2.) Using the summary and description of the invention above, along with the accompanying FIGS. 1-11, define a set of classes and an appropriate class hierarchy that will encompass the functionality required. The design patterns described in “Design Patterns” by Gamma et al, Addison Wesley 1995 and “Patterns in Java” by Grand, Wiley Computer Publishing 1998 may be useful in creating a set of classes with the needed functionality. A high level CASE tool for the definition of these classes may also be used. Some classes that could be defined are:

a. A class to interpret metadata in an RDMS 7 and produce an XML description of corresponding OPG data nodes (FIG. 2). The Java Document Model (ODOM) 11 and an XML parser can be used to generate an XML file. The class definitions of OPG data nodes are essential information for constructing the class. Also, a thorough understanding of the system tables in the RDMS 7, Oracle in this proposed embodiment, is necessary to understand the metadata in the RDMS 7.

b. A class to interpret an XML description of OPG data node structures and generate and execute Structured Query Language (SQL) statements to create a corresponding table schema in the RDMS 7 (FIG. 8). As with the above class development, JDOM 11 and knowledge of the OPG data nodes and Oracle would be helpful.

c. A class to process graph data changes and write descriptions of them to a Journal File 6 (FIG. 9)

d. A stand-alone program that can read and interpret graph data changes and generate and execute SQL statements to store data in an RDMS 7 (FIG. 10).

e. A class that accepts requests to load data to a CompositeData node graph of data nodes and retrieves the data from an RDMS 7 (FIG. 11).

The above program and classes should include both inner classes and some first class objects to provide specific functionality. None of these classes are persistent.

Object Process Graph Description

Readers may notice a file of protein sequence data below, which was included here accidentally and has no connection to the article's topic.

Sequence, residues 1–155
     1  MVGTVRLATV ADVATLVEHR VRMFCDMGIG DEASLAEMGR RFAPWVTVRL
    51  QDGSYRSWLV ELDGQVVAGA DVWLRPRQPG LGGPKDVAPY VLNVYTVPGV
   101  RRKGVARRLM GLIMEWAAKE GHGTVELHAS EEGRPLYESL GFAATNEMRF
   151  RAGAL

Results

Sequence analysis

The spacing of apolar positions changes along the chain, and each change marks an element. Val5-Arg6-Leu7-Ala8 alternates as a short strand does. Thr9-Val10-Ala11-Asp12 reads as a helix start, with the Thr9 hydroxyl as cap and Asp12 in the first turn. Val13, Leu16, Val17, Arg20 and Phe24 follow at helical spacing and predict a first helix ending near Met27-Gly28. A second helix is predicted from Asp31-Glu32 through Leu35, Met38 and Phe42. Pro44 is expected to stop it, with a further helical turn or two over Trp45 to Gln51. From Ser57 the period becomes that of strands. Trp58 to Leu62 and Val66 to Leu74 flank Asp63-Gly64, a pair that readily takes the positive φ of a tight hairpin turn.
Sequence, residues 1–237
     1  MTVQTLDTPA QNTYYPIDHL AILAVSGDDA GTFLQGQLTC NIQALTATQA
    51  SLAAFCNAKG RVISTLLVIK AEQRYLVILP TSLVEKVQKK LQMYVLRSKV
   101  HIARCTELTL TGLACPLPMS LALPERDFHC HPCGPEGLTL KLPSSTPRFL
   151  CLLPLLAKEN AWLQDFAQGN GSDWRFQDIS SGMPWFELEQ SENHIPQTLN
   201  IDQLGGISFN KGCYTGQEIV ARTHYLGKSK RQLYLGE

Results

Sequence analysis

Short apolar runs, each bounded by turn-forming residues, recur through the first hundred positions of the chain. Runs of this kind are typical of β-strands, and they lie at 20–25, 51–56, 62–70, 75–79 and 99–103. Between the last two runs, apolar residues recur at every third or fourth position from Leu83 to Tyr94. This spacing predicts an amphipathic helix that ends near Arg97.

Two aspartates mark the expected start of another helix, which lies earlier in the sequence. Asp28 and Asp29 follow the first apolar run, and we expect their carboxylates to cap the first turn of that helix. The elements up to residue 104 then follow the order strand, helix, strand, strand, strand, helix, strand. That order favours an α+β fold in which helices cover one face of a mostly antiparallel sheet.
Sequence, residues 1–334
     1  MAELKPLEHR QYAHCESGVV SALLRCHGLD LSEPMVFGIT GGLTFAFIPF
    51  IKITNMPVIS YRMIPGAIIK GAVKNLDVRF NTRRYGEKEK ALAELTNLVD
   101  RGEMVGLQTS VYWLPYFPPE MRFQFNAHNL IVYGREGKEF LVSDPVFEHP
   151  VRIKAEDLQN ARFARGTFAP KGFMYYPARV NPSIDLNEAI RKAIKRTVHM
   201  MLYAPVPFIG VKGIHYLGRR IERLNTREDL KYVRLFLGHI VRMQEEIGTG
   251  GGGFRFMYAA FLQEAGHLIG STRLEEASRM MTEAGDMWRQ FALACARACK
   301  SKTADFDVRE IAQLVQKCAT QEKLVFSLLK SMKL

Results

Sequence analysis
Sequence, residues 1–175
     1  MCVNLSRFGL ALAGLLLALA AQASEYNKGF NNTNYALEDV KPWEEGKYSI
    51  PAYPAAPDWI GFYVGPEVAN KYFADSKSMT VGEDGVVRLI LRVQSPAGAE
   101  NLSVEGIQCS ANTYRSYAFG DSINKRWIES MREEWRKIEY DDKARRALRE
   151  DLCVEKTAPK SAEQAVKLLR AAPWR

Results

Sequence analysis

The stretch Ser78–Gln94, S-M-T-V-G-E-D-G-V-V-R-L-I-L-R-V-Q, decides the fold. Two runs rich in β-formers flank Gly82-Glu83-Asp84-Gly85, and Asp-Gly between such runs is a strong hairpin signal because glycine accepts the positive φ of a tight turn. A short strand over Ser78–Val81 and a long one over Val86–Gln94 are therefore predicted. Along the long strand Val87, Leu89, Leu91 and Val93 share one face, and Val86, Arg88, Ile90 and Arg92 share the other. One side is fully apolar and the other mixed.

Object Process Graph (OPG) is the definition component of the Object Process Graph System (OPGS), a complete application development and execution environment. Other components include a Dynamic Graph Interpreter (DGI) that interprets or executes applications defined by OPGs and a graphical user interface for creating and modifying OPGs.

Embodiments of the OPG may be considered a computer language (it is Turing complete) that is interpreted as the program is executed. An OPG is stored in transient and persistent computer memory. An OPG can hold any data structure, which includes, but is not limited to: relational tables, hierarchical tables, n-dimensional data arrays, spreadsheets, graphical models and 3-D physical models. These data structures are not stored as blobs, which is common in relational database systems, but in special OPG structures that reflect their original structure and internal relationships. OPG process and control structures provide control over the order and timing of persistent and transient data validation, transformation and display within an application. OPG structures can also define mathematical formulas, regular expressions (in the case of textual data or mixed quantitative and textual data) and complete algorithms.